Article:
Eric, while you have made some improvements in your pursuit to build an autonomous vehicle I believe you are still operating in the same paradigm. I suggest that needs to be changed drastically. If Uber is not able to do that it will literally never get close to creating an autonomous vehicle, go bankrupt trying and will harm far more people for no reason.

It is not remotely possible, to get anywhere near creating a legitimate autonomous vehicle using public shadow driving as your primary approach to training and testing AI. It is impossible to drive the one trillion miles or spend over $300B to stumble and restumble on all the scenarios necessary to complete the effort. Many of which are accident scenarios no one will want you to run once let alone thousands of times. You also cannot survive the thousands of needless casualties you will create trying. And finally, as the public, press and soon governments are figuring out, handover cannot be made safe for most complex scenarios, by any monitoring and notification system, because they cannot provide the time to regain proper situational awareness and do the right thing the right way.

Root Causes and Solutions

· Use of Public Shadow Driving vs the use of proper simulation 99% of the time — It is a myth that you can drive and redrive, stumble and restumble on enough scenarios, enough times, to get close to building a legitimate autonomous vehicle. RAND says 500B miles at 10x a human. Toyota said a trillion miles. (To do that in 10 years would cost over $300B.) Then there are the safety issues. Those regarding handover and running accident scenarios. Handover cannot be made safe no matter what monitoring and notification system is used. That is because enough time cannot be provided to regain proper situational awareness in critical scenarios. The other issue being thousands of accident scenarios will have to be run thousands of times over to train the AI on those scenarios. That will cause thousands of needless casualties. (Waymo, Ford, Volvo and Aurora have stated handover is dangerous and should not be used. However, each still relies on it because they do not understand how to do this properly.)

· The Simulation being used in the industry has significant shortfalls — Among them being real-time and latency issues. As well as imprecise vehicle, tire and road models. These will lead to significant false confidence. Which will not be found until analogous real-world tragedies occur. (Another related issue is not using full motion simulators. Motion cues are crucial. Be that the presence or lack of them. Without them you cannot train or test properly.)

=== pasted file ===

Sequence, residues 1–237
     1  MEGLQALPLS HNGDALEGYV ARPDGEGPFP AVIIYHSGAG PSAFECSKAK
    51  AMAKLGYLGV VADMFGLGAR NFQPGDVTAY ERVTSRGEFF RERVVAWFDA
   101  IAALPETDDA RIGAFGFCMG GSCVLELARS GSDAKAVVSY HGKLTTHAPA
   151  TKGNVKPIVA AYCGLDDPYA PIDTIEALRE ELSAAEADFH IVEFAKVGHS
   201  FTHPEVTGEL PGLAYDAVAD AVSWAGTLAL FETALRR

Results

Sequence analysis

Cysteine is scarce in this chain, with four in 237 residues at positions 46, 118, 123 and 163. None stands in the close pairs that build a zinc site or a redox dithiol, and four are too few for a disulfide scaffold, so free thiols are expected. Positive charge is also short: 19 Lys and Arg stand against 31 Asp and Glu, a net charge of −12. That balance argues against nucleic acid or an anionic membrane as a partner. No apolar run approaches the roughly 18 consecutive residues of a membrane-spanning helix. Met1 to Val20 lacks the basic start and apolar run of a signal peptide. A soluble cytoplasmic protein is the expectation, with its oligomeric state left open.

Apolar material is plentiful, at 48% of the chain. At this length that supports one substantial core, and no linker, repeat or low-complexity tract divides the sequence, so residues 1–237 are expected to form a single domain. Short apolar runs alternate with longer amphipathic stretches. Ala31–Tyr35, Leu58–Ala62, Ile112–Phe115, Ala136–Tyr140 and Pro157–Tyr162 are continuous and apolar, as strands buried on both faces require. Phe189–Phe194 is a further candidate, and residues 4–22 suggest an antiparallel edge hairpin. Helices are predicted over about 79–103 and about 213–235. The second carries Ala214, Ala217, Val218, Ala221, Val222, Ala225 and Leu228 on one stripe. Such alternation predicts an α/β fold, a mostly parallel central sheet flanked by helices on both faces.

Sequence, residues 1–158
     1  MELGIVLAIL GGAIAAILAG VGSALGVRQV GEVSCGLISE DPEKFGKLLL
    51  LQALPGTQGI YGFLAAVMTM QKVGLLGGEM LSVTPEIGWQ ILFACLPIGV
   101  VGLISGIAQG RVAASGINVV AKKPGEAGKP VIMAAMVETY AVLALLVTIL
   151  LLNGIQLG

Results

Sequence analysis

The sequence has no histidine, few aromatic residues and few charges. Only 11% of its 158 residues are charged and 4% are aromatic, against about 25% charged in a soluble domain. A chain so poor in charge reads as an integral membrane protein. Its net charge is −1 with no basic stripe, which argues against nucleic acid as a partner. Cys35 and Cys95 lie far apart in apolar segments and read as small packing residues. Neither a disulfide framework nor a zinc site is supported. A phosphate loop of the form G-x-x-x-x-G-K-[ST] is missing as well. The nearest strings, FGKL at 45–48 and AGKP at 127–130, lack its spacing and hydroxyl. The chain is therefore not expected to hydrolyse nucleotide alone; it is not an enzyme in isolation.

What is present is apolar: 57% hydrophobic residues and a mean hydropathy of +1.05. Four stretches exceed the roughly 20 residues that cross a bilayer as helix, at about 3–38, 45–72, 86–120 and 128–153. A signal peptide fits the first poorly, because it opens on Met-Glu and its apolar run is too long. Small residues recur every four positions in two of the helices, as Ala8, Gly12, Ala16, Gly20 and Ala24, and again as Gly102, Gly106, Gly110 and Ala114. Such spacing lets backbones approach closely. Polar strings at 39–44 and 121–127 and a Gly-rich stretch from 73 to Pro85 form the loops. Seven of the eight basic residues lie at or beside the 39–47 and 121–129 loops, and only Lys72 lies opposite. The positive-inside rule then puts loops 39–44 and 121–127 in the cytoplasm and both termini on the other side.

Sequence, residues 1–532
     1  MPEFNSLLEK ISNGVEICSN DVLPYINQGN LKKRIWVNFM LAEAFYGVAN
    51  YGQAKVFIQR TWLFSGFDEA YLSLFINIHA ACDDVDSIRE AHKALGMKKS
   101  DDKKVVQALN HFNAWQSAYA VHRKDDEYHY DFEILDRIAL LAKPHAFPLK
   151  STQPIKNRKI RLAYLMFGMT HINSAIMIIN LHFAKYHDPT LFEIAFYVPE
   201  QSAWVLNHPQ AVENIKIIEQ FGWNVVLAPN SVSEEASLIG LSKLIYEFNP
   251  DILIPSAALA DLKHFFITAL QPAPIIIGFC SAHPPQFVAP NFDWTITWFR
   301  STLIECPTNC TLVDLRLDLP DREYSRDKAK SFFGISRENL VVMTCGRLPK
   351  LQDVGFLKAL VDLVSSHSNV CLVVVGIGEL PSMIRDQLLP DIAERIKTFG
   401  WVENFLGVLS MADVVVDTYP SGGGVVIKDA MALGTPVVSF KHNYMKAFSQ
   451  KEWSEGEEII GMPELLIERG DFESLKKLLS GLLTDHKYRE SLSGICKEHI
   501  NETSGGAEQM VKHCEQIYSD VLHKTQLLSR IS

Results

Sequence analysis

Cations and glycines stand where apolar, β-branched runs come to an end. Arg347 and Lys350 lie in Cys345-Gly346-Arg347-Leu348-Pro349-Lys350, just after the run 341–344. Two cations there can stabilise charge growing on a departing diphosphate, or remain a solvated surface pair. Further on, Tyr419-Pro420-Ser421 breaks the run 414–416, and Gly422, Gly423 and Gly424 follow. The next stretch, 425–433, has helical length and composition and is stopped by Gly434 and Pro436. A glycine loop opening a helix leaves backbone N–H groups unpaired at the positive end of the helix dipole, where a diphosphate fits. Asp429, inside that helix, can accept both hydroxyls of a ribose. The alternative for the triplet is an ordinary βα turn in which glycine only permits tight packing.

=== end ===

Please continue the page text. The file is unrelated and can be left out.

· Using a bottoms up Agile approach — Agile does not work when systems are large and complex. Not adding a top down systems integrated approach will cost a massive waste of time and money. The hardest scenarios should be worked on at the same time as the bottoms up effort. Usually when the most difficult scenarios work everything below them does as well. And often design and execution flaws are found that translate to rework at the lower end. Too much rework and you will be crippled as well. Aerospace and DoD systems engineering practices should be leveraged here.

· Not creating and using an End -State Scenario Matrix — The validators as well as the builders need to see what done and the most difficult scenarios look like now. Test cases or scenarios , especially those related to operating domains, should also be made public and/or covered by a proper third party. FAA practices should be the guide for this.

The Crash of the Autonomous Vehicle Industry

Uber isn’t the only Autonomous Vehicle maker who should fear killing a child

My name is Michael DeKort. I am a former system engineer, engineering and program manager for Lockheed Martin. I worked in aircraft simulation, the software engineering manager for all of NORAD, the Aegis Weapon System, and on C4ISR for DHS. I also worked in Commercial IT and Cybersecurity.

I am a member of the SAE On-Road Autonomous Driving Validation & Verification Task Force

I have also been presented the IEEE Barus Ethics Award

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